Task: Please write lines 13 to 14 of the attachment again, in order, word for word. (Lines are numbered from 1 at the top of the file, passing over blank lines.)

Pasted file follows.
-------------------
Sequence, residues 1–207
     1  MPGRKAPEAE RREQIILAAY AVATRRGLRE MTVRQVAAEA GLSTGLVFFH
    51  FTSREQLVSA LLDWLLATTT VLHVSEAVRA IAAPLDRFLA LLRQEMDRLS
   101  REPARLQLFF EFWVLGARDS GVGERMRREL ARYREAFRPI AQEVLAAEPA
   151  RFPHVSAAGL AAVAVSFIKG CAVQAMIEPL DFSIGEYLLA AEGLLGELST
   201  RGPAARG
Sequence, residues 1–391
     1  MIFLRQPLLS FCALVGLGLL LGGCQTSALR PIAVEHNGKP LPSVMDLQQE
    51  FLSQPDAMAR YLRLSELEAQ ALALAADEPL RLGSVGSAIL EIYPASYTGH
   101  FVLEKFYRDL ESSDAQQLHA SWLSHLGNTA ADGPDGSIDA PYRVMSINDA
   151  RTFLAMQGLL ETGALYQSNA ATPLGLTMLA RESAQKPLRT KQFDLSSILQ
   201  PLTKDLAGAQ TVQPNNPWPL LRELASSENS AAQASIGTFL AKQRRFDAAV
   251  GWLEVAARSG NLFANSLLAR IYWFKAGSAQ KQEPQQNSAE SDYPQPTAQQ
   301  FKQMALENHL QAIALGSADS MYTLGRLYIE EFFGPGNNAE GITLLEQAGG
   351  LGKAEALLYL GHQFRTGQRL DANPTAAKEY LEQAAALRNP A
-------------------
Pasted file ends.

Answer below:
   251  GWLEVAARSG NLFANSLLAR IYWFKAGSAQ KQEPQQNSAE SDYPQPTAQQ
   301  FKQMALENHL QAIALGSADS MYTLGRLYIE EFFGPGNNAE GITLLEQAGG